Discretionary appointment of counsel

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Litigation, Paternity - Defendant/Respondent

In Maine v. Tarvers, 561 A.2d 1029 (Me. 1989), the Maine court cited Lassiter to find that in cases that "do not threaten the immediate loss of physical liberty," adequate due process must be determined by applying a balancing test on a case-by-case basis.  Then, the court turned to the federal test for procedural due process outlined in Mathews v. Eldridge, 424 U.S. 319 (1976).  

Applying this test, which weighs the private interests of the litigants, the state's interests, and the risk of erroneous deprivation of the litigant's rights, the court concluded that appointed counsel was not necessary to satisfy due process requirements in this case. The court's analysis focused on the putative father's private interest in avoiding erroneous deprivation of his rights. Although the court noted that the putative father does have a due process interest in correctly determining the child's paternity, it was not sufficient to warrant appointed counsel, especially where the petitioner has the burden of proof and the state pays for blood tests.  The court concluded, "We believe that the current procedures, as applied in this case, are sufficient to protect the interests of the alleged father."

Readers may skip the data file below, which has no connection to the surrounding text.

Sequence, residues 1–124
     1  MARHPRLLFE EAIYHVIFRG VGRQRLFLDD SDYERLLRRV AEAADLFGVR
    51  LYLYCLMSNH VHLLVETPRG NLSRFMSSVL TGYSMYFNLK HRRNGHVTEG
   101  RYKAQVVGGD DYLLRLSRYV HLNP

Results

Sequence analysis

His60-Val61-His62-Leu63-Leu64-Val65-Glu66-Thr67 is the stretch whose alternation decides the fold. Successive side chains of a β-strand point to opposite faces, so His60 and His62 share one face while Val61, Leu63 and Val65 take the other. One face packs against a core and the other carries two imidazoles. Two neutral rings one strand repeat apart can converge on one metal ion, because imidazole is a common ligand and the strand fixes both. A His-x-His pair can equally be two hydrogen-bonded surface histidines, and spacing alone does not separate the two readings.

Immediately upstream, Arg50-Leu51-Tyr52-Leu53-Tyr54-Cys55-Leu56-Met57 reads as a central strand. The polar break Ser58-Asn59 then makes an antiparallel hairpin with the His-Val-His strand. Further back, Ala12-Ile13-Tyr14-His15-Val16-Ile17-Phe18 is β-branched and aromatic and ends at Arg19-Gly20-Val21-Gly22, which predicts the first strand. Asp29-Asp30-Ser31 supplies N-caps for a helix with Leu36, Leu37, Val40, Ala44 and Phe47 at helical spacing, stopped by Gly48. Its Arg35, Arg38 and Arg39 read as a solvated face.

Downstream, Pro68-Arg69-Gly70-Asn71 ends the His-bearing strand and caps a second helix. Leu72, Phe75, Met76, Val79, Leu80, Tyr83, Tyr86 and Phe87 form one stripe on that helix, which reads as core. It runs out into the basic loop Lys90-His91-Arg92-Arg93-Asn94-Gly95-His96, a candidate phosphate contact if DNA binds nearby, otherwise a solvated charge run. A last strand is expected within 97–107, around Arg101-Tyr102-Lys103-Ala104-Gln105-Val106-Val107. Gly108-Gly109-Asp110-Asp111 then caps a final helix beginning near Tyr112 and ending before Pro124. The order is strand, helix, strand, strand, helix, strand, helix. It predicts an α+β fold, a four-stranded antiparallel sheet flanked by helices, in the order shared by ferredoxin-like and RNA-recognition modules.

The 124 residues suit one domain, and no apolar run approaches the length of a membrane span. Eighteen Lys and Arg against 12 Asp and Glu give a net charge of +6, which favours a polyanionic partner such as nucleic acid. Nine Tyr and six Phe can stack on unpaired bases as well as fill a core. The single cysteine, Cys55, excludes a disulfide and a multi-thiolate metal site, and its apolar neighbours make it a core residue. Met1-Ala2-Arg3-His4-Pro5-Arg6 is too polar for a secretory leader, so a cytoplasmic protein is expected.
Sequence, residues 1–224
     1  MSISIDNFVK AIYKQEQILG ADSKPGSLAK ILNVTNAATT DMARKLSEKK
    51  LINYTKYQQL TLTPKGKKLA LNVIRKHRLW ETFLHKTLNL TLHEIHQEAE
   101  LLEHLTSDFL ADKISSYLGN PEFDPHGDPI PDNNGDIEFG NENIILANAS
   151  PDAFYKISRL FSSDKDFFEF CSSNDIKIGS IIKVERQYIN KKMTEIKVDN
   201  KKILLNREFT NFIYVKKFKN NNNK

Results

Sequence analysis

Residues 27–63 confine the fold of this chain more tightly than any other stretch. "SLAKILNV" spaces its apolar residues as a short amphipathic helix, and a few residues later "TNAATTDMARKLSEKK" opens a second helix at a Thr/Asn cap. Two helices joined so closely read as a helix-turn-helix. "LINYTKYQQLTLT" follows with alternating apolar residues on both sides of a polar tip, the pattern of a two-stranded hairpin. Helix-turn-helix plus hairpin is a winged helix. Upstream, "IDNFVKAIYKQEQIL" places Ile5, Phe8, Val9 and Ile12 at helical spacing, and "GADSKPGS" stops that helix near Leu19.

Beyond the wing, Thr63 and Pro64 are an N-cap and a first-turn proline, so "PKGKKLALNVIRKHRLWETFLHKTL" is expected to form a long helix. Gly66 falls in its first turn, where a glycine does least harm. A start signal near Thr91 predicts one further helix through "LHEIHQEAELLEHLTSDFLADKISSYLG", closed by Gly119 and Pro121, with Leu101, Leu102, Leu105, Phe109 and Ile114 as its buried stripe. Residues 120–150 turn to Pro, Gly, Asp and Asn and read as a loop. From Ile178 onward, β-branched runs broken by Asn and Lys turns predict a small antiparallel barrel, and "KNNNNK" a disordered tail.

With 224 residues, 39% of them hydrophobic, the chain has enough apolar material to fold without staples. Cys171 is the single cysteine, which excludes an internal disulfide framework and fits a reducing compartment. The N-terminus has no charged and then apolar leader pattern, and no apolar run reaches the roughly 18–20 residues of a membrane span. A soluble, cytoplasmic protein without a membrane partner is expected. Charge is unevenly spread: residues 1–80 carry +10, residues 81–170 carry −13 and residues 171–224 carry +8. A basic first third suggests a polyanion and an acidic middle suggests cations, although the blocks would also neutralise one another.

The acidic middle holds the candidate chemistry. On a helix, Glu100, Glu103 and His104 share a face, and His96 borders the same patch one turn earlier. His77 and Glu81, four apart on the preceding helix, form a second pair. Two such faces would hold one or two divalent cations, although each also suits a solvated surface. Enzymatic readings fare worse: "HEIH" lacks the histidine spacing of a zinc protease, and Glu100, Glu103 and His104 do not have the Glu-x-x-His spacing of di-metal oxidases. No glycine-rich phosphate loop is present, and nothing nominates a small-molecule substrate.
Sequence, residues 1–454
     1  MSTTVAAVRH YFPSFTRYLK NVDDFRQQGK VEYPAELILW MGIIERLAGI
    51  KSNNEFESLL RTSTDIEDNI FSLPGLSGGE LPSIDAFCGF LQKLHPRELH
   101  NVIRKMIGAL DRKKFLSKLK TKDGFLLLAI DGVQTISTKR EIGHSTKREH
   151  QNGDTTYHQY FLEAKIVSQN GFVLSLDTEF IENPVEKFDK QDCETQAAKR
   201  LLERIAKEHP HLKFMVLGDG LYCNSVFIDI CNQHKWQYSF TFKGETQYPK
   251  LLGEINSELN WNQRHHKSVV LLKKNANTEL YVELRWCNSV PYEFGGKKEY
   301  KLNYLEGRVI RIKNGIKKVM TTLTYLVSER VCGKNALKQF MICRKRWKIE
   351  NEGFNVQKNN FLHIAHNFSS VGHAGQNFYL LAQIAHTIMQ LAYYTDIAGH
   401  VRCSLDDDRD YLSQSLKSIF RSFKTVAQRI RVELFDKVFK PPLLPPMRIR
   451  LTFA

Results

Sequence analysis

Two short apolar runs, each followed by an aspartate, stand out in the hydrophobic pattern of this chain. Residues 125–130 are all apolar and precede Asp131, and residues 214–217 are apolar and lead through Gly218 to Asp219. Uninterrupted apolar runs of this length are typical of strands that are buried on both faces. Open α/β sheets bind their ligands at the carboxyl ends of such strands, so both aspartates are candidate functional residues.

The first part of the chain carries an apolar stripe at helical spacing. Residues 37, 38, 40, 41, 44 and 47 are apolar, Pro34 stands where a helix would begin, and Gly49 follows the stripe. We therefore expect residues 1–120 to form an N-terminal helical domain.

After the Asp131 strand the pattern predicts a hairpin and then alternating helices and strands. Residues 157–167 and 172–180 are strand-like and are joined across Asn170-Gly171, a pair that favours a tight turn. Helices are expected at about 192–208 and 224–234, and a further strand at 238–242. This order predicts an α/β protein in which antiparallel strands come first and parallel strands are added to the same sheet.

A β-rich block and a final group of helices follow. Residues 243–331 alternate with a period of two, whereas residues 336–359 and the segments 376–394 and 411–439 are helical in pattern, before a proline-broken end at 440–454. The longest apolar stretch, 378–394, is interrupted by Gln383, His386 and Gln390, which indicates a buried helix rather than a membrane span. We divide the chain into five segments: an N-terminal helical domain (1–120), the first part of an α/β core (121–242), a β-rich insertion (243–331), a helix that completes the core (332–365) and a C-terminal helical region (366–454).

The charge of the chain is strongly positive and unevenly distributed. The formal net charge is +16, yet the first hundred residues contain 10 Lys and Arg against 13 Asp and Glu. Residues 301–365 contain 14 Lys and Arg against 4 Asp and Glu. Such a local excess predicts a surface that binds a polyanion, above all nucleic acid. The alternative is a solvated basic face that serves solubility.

Appointment of Counsel: discretionary Qualified: no